Having studied the movement, Cohen offered insight on why she believes its people have been so underrepresented in culture and politics: “Part of it has been the shame and secrecy that surrounded intersex people, and that’s been a major component of their treatment. Rather than giving people supportive care, including psychological care, the main information beyond whatever was done to them surgically and physically and hormonally, the main piece of advice was: Either tell them to keep quiet about their own bodies or, even more alarmingly, don’t give them the information at all. So it’s hard to be out and proud if you don’t even understand what’s happening with your own body.”

“Intersex children get surgeries that they don’t want, and trans people have to fight for surgeries that they do want.”

Wall said the “godlike” status of doctors in our culture has allowed the nonconsensual management of intersex bodies to proliferate. “When it comes to intersex variations, there’s no oversight by the state,” he said. “I think what makes intersex activism so compelling is that we’re actually asking and demanding that doctors be held accountable for their actions.”

In the film, Weigel contends that, “our very existence proves that there is no pure male and female.” The binary is shattered by their biology, a point that forms the premise of Anne Fausto-Sterling’s brilliant book from 2000, Sexing the Body.

“Intersex is an umbrella term in and of itself,” Weigel elaborated. “It encompasses a wide variety of the natural diversity that occurs within human beings… Everyone has sex characteristics. Some non-intersex women have big breasts, some have small breasts. Some non-intersex men grow facial hair and some don’t. There is a huge variety in the way that human beings show up in the world, and I think our existence helps point out really succinctly and distinctly how these boxes that we use to artificially categorize human existence don’t actually exist. The boxes don’t exist. We do.”

This situation of having powerful people on one side insisting on the existence of a binary and subjugated/erased people on the other begging to differ with their own life experience will be familiar to anyone who has been involved in or observed the trans rights movement. Though intersex rights and trans rights are their own distinct movements with their specific concerns and nuances, the Every Body subjects discussed key intersections of the movements.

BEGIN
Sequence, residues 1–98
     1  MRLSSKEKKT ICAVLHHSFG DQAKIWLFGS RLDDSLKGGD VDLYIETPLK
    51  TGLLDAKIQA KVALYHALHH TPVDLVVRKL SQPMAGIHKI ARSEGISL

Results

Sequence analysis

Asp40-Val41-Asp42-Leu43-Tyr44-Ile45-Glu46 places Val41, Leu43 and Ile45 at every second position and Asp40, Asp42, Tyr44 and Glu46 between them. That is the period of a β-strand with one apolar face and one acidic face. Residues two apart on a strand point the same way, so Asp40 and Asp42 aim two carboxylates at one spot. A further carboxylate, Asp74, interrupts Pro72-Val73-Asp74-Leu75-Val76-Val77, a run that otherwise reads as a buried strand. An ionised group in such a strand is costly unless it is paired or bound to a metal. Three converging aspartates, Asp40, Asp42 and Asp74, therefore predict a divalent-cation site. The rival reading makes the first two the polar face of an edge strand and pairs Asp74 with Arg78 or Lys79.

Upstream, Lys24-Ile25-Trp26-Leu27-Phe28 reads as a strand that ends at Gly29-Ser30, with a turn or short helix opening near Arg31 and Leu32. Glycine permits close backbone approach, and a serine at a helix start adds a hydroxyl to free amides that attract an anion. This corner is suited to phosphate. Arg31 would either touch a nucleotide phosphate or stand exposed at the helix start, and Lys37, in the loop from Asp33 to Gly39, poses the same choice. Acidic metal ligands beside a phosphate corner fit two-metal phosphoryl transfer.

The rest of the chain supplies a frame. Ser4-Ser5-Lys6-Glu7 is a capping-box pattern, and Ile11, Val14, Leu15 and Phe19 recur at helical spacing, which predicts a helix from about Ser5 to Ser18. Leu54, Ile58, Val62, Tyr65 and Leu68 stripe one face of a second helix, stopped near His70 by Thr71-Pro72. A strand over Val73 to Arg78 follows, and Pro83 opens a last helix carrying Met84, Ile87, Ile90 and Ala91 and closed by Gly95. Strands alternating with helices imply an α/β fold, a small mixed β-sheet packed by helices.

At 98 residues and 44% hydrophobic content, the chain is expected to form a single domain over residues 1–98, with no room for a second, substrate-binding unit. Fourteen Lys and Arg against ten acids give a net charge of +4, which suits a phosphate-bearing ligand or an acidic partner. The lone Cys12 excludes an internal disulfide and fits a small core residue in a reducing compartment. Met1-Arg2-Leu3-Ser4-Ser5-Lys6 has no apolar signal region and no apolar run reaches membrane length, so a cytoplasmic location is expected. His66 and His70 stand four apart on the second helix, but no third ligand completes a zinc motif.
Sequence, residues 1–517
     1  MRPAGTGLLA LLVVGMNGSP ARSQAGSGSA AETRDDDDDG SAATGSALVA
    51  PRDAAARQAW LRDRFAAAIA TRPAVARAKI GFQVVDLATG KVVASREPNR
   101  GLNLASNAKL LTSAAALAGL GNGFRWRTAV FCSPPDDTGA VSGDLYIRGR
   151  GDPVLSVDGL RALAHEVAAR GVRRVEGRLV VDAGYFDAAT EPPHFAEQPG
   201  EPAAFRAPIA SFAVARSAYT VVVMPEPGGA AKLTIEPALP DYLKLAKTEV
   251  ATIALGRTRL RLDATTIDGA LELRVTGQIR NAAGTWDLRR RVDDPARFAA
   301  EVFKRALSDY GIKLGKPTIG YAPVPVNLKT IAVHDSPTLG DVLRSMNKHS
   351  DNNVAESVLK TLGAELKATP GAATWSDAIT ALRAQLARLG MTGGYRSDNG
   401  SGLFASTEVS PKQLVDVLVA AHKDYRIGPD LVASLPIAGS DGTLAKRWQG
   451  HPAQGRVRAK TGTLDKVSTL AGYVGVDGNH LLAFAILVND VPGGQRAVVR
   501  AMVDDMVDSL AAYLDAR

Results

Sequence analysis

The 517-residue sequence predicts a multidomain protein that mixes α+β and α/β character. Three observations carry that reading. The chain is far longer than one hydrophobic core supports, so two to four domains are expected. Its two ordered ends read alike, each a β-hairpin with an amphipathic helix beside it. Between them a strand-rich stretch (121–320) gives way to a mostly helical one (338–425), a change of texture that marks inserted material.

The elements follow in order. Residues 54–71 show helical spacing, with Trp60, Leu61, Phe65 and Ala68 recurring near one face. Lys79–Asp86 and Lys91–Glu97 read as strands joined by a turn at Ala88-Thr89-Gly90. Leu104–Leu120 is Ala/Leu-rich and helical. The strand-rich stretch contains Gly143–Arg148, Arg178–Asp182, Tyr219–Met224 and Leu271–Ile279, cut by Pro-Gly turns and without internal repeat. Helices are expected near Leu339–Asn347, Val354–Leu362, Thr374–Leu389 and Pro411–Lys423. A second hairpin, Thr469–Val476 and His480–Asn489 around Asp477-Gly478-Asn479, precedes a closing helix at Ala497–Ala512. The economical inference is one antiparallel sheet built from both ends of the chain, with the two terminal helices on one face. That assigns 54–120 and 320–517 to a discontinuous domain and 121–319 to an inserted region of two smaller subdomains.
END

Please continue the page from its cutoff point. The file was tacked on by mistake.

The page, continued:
“This is about bodily autonomy,” said Wall, who was raised as female but now uses he/him pronouns. “Intersex children get surgeries that they don’t want, and trans people have to fight for surgeries that they do want.”

Gallo, who was raised male and identifies as nonbinary, trans femme, and intersex, says that they fear using airport restrooms. “I have to literally plan stuff,” they said. “If I’m in a bathroom and I hear that there’s a mother and her child, I’ll stay in the stall until they leave because I don’t want to come out and her to freak out on me if she’s like some like, alt-right weirdo. And so to that point, I know that I have to be much gentler with myself.”

“The sooner that we recognize as a collective humanity and those who face some form of oppression, that the effort to suppress free and equal access to abortion is the same as the effort to sexually assault and traffic human beings is the same effort to prevent trans and intersex health care… It’s all the right to control our bodies because when they can control our bodies, they control us and they keep us down and they keep them, the small, distinct minority, in a place that they frankly don’t deserve,” added Weigel. “I think the sooner that we recognize that these are actually not all different fights, they’re all the exact same fight, when you look at it in its most simplistic terms, the sooner we’ll be able to work together and overthrow them.”

There was a palpable hope among all of Every Body’s subjects that the documentary will be instrumental in their battle. Gallo called the film “revolutionary and groundbreaking.”

“It feels like this documentary is…going to propel our messaging and not only on a political level, but an emotional level and actually change people’s hearts and minds about what we’re doing as intersex people,” they added.

“When people watch this, I want people to actually think and reflect on their bodies and on the bodies of people that they’ve been with to be like, ‘What’s all this male and female?’” said Wall. “It’s made up, right?”